Wembley Stadium's James Taylor has spoken to Music Week about the venue's record concert summer.
The national stadium hosted 14 concerts in the space of five weeks, welcoming shows by the Spice Girls (three dates), BTS, Fleetwood Mac, Pink (two each), Bon Jovi, Billy Joel, the Eagles and The Who, along with the Capital Summertime Ball.
The bar has been set and it's now our challenge to try and recreate this as often as we can
"We have had overwhelmingly positive feedback from all of the promoters about the venue and our staff who have done incredibly well to deliver the high standards that have been set in an extremely demanding period," said Taylor, the venue's senior commercial manager. "It’s a summer that staff can look back on proudly and say they were a part of something that was really quite special.
"It was an historic summer with some lasting Wembley memories, be that Pink flying across the crowd from one end of the pitch to the other, to Bon Jovi becoming the only act to play Wembley in three straight decades. We had over 900,000 fans come through our turnstiles across 14 nights – engagement on our social channels and website went through the roof, particularly for BTS which was on a scale we have never seen before. They also smashed our merchandise records.
"We will of course take stock, seek feedback and review to make sure we continuously improve – we will look to be even better next year. The bar has been set and it's now our challenge to try and recreate this as often as we can."
The gigs attracted 900,000 fans in total and saw Wembley Stadium break its previous records of 13 concerts in one year, set in 1992. The venue hosted seven gigs – Ed Sheeran (four shows), Taylor Swift (two shows) and the annual Summertime Ball in the summer of 2018.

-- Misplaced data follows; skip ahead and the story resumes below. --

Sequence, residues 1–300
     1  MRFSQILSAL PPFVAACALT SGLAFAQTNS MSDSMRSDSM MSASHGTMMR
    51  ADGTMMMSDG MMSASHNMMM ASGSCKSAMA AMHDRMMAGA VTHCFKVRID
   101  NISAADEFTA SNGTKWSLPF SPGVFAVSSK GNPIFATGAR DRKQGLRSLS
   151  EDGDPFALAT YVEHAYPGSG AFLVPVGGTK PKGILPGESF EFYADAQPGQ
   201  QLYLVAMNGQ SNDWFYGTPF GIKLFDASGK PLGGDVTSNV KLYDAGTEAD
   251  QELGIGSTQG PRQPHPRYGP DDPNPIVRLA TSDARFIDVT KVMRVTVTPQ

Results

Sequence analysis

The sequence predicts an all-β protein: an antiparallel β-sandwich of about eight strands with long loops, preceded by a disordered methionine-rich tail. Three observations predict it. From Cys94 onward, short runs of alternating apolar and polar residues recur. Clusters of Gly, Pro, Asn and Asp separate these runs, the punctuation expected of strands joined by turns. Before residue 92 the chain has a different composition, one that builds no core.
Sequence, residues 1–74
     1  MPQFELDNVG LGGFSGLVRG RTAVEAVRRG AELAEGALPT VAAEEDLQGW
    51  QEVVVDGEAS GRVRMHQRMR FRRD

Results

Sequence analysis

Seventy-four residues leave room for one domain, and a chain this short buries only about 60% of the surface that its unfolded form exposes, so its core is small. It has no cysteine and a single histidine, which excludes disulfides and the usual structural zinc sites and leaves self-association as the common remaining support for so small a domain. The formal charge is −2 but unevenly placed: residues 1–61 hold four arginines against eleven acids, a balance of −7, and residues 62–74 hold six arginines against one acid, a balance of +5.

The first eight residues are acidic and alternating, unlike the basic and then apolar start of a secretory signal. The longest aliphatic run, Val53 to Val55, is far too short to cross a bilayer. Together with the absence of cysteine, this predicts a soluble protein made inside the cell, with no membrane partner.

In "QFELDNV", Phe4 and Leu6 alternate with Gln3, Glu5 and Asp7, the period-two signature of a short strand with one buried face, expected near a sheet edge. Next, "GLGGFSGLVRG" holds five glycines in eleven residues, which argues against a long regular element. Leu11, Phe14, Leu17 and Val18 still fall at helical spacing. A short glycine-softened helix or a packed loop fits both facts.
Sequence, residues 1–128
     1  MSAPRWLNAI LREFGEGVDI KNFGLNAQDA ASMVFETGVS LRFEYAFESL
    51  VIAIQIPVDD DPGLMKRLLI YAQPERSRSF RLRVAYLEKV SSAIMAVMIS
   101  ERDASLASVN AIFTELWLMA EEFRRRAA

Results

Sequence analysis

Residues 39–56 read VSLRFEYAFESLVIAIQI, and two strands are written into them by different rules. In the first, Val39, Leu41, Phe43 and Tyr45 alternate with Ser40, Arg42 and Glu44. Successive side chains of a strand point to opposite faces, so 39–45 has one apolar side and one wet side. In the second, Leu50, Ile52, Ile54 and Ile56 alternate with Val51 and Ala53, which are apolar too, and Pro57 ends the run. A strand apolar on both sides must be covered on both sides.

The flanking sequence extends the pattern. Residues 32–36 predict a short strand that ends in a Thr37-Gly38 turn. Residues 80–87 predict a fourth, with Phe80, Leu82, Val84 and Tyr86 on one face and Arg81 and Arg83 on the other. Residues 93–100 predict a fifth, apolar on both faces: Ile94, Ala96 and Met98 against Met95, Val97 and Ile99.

"We changed our booking policy to help us try and maximise our short concert window more effectively," said Taylor, who features in the new issue of Music Week. "In an ideal world we would have space for all enquiries and deliver enough weekends to meet demand – but the fact is we must get our pitch ready for football so we took stock of the past 10 years and trialled a new strategy to help us deliver more concerts and in turn help meet demand.
"But that required promoters and artists production teams to work closer than ever with increased stage sharing and they really did do that brilliantly. We rarely transitioned that quickly into different music shows before, we had done it from football into boxing a few times but not so much with music.
"It's also, of course, down to who’s touring and whether the productions are flexible – we were fortunate to have a number of acts who could be flexible on staging and that isn’t always possible."
He added: "In the main we had hugely positive comments about the productions from fans so there was no drop in quality in what was delivered – that was the concern with the stage sharing but the quality of the shows remained high.
"Limiting the number of load-ins also reduces costs which is not something we particularly benefit from as a venue, but if we can help promoters save costs then that’s another plus for everyone."
Music is very important to Wembley Stadium and plays a huge part in what we are doing here
The stadium is set to host seven games of the Euro 2020 football tournament, meaning it will be unavailable for concerts in June and July. However, the venue has managed to reschedule some of its annual events into different slots to create a window in August.
"It’s not the standard stadium touring period but we are in discussions now with a number of promoters so let’s see what happens," explained Taylor. "We certainly want as many gigs as possible. Music is very important to Wembley Stadium and plays a huge part in what we are doing here – be that from keeping Wembley’s music history and reputation alive to meeting our Club Wembley members demands, which is hugely important to the stadium's future."